- The Latino GDP in the United States was $2.6 trillion in 2018, up from $1.7 trillion in 2010. The economic contribution of Latinos grew 72% faster than non-Latino GDP from 2010–2018.
- The number of college-educated Latinos rose by 63.1% during 2010–2018, while for non-Latinos, it rose by only 23.9%.
- Latino households grew 23.2% from 2010–2018, while non-Latino families only grew by 3.8%.
- Despite being only 18.3% of the U.S. population, Latinos are responsible for 78% of the U.S. labor force growth since the Great Recession.
The “State of Latino Entrepreneurship” report from the Stanford Graduate School of Business reveals additional insights into Latino-owned businesses:
- Over the past 10 years, Latino business owners have grown by 34%, versus 1% for all business owners in the United States.
- Were it not for the growth in Latino-owned firms, the total number of small businesses in the U.S. would have declined between 2007 and 2012.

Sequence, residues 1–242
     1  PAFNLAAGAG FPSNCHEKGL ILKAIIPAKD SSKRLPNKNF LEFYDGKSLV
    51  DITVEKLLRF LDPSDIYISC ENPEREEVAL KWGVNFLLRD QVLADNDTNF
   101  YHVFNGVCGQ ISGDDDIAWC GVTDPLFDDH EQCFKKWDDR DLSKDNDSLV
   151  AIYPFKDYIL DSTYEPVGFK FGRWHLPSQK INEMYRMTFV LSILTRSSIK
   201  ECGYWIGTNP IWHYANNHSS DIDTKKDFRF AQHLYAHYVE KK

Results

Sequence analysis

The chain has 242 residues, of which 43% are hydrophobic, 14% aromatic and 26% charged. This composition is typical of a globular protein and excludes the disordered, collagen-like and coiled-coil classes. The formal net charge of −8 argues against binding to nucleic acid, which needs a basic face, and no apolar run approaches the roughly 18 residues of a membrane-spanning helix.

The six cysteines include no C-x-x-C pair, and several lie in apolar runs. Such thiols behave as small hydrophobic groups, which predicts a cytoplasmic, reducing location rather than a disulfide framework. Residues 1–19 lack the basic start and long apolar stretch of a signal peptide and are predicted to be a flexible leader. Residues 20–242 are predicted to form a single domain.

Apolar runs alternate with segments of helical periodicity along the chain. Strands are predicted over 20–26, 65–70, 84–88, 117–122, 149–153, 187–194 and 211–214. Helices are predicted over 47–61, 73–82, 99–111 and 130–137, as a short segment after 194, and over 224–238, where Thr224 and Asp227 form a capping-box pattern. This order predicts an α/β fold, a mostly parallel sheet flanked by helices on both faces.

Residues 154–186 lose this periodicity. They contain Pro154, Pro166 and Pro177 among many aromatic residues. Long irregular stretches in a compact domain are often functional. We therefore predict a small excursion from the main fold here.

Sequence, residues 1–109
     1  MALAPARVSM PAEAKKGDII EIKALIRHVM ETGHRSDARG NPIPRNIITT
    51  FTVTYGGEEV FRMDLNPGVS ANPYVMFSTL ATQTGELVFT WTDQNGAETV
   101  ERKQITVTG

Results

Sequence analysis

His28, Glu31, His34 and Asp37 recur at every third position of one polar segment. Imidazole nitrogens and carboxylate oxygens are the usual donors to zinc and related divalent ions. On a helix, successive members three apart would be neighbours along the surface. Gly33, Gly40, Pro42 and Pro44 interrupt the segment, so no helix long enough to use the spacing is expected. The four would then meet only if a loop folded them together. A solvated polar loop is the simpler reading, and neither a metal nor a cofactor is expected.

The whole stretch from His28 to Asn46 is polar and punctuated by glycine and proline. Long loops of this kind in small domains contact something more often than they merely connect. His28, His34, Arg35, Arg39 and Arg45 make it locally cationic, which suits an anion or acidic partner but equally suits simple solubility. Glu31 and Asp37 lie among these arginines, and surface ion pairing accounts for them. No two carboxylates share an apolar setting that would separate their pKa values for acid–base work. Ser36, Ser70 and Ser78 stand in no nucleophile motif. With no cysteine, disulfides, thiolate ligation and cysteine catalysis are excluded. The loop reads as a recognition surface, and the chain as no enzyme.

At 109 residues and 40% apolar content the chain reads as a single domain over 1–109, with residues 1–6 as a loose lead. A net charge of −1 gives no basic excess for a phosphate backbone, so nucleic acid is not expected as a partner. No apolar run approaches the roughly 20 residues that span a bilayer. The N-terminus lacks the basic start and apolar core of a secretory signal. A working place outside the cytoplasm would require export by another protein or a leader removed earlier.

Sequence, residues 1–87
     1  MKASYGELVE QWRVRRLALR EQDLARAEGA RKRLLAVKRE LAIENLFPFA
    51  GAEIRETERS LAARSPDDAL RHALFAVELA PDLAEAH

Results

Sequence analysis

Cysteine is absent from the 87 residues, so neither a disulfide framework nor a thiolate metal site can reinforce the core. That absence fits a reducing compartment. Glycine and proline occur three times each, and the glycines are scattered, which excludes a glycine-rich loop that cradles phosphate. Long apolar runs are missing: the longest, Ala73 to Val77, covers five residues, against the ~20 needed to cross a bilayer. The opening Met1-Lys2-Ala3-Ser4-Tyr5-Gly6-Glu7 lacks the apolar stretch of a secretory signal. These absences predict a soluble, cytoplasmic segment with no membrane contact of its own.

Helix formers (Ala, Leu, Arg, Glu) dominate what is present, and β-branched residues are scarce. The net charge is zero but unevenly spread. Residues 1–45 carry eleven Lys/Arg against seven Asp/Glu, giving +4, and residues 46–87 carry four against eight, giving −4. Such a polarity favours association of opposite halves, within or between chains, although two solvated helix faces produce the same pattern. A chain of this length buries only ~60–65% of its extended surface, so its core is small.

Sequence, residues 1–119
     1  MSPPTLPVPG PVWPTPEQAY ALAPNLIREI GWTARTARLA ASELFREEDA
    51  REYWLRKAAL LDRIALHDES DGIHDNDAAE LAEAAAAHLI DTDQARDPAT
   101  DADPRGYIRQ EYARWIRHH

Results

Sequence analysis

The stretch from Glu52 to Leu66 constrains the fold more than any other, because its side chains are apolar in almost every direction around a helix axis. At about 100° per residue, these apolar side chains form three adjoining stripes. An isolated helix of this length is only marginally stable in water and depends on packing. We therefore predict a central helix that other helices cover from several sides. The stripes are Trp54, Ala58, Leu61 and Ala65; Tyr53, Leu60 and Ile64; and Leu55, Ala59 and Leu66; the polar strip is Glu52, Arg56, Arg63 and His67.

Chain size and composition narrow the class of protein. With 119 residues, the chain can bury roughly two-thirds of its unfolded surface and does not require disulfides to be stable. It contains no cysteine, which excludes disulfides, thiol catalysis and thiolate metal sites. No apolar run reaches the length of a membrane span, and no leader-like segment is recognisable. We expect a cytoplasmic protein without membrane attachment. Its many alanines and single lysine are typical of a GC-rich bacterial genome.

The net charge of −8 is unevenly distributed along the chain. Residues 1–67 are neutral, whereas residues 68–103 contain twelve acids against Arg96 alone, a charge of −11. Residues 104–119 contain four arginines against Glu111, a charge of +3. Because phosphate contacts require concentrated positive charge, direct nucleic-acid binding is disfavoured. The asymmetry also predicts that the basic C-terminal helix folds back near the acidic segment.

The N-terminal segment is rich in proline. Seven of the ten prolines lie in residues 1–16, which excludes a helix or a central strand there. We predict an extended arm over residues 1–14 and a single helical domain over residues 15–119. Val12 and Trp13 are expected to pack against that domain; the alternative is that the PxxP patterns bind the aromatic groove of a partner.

- From 2018 to 2019, Latino-owned businesses reported average revenue growth of 14%, outpacing the development of the overall U.S. economy.
- Latinos are starting businesses at a faster rate than the national average across almost all industries. The number of employer LOBs (Latino-owned employer businesses) has grown by 14% between 2012 to 2017, over twice the U.S. average of 6%.
- Additionally, the number of employer LOBs grew across 44 out of 50 U.S. states. It grew faster than the national industry average across 13 of the 15 industry sectors, including a substantial number (over 1,000) of employer LOBs. Among these industries, the growth rate is highest in the following sectors: 1) construction, 2) finance and insurance, 3) transportation and warehousing, and 4) real estate.